Both Brexit and Trump can be seen as the final stage of neoliberal economics: it ends in a populist revolt.

It's not as if labor is just now facing the threat of automation. But nobody in the US - not the unions, not the companies, not the government - is solving the education gap that might help future workers.

Comment Re:Mozilla's 990 Form (Score 1) 103

MoCo could have paid as little as $1 for the license, along with an agreement to return profits, and that would be fair value. There's no question that the profits were returned.

However, there was never any possibility that any other entity would have been offered the license regardless of what they offered, and IMO had they considered that transaction based on the amount returned rather than achieving their purpose of a free internet, they would have disqualified themselves as a 501(c)3.

Comment Re: Less politics (Score 2) 103

Fogle was a company spokesperson, who got fired before the trial started because whether or not he had actually committed any crime, the appearance of his behavior made him unsuitable as a spokesperson.

Was Eich similarly a company spokesperson? You need only look at Mozilla's press releases. He's quoted in them while he's CTO, and if you go on Youtube, you can see that he makes a number of conference keynotes representing the Foundation. Once he's CEO, he writes this piece on inclusiveness which is linked to in this Mozilla Foundation press release. So, there's Eich representing the Mozilla brand on exactly the issue they already know he has a problem with. He doesn't get a chance to represent the foundation again, as they know they have a problem.

Earth

Climate Change Will Stir 'Unimaginable' Refugee Crisis, Says Military (theguardian.com) 229

Citing military experts, The Guardian is reporting that if the rise in global warming is held under 2 degrees Celsius, there still could be a major humanitarian crisis to sort out. From the report: Climate change is set to cause a refugee crisis of "unimaginable scale," according to senior military figures, who warn that global warming is the greatest security threat of the 21st century and that mass migration will become the "new normal." The generals said the impacts of climate change were already factors in the conflicts driving a current crisis of migration into Europe, having been linked to the Arab Spring, the war in Syria and the Boko Haram terrorist insurgency. Military leaders have long warned that global warming could multiply and accelerate security threats around the world by provoking conflicts and migration. They are now warning that immediate action is required. "Climate change is the greatest security threat of the 21st century," said Maj Gen Munir Muniruzzaman, chairman of the Global Military Advisory Council on climate change and a former military adviser to the president of Bangladesh. He said one metre of sea level rise will flood 20% of his nation. "Weâ(TM)re going to see refugee problems on an unimaginable scale, potentially above 30 million people."

Comment Re:Top down decision (Score 1) 240

It makes perfect sense when you realize that if someone steals cash, the thief receives an effective reward for their behavior, but if all they steal are cards that require a PIN to utilize, then the perpetrator has nothing of value that they can use, along with an increased chance of getting caught if they were to ever *try* and use the cards compared to spending cash. As carrying no cash becomes increasingly common, it leads to the actual reduction of such crimes, because the risk/reward ratio is raised to to much higher levels, resulting in safer streets, at all times of day, for everyone. Rather than making things safer through increased policing, which would be characteristic of fascism, it makes things safer by reducing the availability of the incentive to commit those types of crimes in the first place.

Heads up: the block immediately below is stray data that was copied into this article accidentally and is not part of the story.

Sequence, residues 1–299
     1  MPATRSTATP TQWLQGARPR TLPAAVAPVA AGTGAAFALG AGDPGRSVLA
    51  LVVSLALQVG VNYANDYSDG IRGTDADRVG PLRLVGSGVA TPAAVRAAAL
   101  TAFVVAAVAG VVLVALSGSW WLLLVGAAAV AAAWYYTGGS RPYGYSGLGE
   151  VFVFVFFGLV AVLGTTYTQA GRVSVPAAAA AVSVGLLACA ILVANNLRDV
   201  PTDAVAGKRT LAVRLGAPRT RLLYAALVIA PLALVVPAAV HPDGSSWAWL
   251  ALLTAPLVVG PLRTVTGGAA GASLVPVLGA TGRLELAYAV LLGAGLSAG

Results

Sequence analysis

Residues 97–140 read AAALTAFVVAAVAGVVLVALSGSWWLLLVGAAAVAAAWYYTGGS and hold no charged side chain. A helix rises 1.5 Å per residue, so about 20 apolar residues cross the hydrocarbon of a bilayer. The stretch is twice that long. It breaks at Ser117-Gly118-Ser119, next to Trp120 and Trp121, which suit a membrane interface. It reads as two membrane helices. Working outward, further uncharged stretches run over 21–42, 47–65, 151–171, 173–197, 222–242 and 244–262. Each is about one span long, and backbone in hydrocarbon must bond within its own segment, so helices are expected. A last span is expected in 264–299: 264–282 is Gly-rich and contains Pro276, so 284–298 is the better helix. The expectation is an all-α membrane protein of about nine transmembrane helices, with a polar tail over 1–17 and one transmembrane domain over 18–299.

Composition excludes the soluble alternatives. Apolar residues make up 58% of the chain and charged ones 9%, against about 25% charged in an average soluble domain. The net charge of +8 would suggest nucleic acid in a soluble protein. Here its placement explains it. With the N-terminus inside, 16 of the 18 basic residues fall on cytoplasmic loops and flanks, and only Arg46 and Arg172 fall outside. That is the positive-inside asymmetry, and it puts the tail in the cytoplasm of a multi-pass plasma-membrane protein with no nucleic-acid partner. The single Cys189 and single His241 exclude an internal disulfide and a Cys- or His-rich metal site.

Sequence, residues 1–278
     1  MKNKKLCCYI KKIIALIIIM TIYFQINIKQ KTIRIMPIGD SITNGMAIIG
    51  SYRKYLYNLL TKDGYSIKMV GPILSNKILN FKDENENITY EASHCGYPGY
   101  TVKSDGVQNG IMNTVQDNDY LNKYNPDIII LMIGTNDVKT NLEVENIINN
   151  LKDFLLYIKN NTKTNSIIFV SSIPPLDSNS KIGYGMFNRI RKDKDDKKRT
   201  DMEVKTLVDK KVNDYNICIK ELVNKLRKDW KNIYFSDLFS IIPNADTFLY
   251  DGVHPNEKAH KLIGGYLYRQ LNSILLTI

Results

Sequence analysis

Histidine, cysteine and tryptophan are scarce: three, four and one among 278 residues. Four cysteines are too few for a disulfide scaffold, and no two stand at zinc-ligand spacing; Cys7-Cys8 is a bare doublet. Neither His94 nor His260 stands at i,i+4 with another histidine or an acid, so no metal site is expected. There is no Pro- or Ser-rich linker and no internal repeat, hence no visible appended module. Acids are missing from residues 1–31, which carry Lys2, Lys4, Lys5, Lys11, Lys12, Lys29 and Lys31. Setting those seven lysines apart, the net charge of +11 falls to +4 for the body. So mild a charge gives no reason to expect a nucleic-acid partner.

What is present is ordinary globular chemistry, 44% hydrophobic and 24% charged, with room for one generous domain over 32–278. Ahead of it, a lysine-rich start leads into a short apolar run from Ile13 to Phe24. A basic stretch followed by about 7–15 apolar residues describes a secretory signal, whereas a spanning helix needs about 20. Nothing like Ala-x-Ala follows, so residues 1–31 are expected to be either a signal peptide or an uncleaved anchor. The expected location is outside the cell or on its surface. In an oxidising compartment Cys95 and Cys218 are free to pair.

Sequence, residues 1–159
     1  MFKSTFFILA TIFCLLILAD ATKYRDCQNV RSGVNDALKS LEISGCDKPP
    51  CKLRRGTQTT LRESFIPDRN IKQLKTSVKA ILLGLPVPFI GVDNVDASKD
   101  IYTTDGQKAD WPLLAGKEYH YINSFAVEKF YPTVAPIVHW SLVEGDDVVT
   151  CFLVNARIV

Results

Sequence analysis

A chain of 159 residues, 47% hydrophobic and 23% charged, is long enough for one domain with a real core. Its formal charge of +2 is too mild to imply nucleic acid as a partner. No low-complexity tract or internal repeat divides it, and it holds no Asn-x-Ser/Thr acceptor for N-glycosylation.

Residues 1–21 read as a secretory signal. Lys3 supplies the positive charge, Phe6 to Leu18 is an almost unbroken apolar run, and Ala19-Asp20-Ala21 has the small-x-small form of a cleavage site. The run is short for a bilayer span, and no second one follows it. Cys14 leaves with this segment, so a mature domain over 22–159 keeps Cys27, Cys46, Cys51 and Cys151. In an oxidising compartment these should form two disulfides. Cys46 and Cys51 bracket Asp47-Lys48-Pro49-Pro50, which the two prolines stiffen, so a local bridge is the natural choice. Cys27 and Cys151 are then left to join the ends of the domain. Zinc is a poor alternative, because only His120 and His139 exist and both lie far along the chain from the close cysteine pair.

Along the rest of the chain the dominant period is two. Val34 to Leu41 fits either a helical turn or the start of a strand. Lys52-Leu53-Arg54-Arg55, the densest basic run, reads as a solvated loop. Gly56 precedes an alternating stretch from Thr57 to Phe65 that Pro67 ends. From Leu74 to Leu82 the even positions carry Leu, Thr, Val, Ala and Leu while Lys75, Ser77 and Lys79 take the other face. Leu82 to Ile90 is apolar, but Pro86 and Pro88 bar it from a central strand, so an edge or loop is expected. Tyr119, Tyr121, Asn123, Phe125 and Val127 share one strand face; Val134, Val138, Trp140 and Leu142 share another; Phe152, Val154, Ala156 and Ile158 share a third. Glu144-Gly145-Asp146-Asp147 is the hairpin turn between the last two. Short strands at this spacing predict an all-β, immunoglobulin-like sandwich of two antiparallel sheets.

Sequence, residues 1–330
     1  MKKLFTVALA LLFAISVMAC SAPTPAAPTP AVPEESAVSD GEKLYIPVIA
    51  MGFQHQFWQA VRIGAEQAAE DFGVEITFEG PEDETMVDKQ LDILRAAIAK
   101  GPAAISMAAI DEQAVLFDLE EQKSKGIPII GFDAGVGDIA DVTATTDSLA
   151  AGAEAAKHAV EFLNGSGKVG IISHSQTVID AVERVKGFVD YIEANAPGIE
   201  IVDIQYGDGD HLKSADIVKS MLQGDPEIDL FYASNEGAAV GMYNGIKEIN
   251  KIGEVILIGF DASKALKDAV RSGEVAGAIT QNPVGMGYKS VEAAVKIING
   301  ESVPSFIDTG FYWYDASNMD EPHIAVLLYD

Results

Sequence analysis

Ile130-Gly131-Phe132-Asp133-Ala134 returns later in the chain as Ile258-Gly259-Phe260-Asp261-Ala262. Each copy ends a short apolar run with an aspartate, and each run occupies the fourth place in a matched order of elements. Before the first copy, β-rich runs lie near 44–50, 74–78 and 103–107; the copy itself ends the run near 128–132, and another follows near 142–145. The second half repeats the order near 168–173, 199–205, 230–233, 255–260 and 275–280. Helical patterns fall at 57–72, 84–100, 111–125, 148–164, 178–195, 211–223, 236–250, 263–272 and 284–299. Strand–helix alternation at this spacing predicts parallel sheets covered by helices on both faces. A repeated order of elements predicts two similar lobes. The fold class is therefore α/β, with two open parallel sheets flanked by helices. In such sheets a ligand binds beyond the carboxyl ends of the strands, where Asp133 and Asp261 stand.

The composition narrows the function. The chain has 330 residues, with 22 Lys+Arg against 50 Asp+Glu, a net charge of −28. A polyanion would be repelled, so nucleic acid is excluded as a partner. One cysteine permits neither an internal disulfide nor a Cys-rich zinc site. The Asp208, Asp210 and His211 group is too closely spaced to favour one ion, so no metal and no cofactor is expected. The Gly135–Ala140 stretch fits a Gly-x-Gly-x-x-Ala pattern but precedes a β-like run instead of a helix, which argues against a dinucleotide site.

My point being that not everyone who would like a cashless society is necessarily working for the bank or government.

It is further my own perception that much of the paranoia regarding such a system is unfounded... While one may theoretically be more trackable, but in general, you, I, and most other people are simply not important enough for anyone else to want to pay attention to - a metaphorical needle in a haystack, as it were... the average law abiding person is going to fall so far below the radar of being interesting enough for anyone to even *want* to investigate that it will simply never be an issue in their lifetime.

Comment As someone who streams, legally.... (Score 3, Insightful) 61

All I can say is *DUH*.

Why would I pay to download episodes on itunes or whatnot of the same TV shows that I can stream entirely legally for a week following the broadcast from the tv station's website? While I do have to put up with commercials, the online ads seem to be nowhere near as insufferably long or as frequent as the ads seem to be on television these days (although they are unarguably more repetitive).

Comment Re:MODS, GET A GRIP!!! (Score 1) 480

Get a grip!! Seriously. Go back and READ what I wrote.

I was attacking your analysis because it showed Obama in a worse light than is true.

I was pointing out that Obama's numbers are better than your original, incorrect analysis.

I was pointing out that the economy tanked during Bush Jr's term, so that unemployment was far worse at the beginning of Obama's term than the figures that you had erroneously cited.

You think that I am attempting to attack Obama's record. I'm not.

Slashdot Top Deals

A transistor protected by a fast-acting fuse will protect the fuse by blowing first.

Working...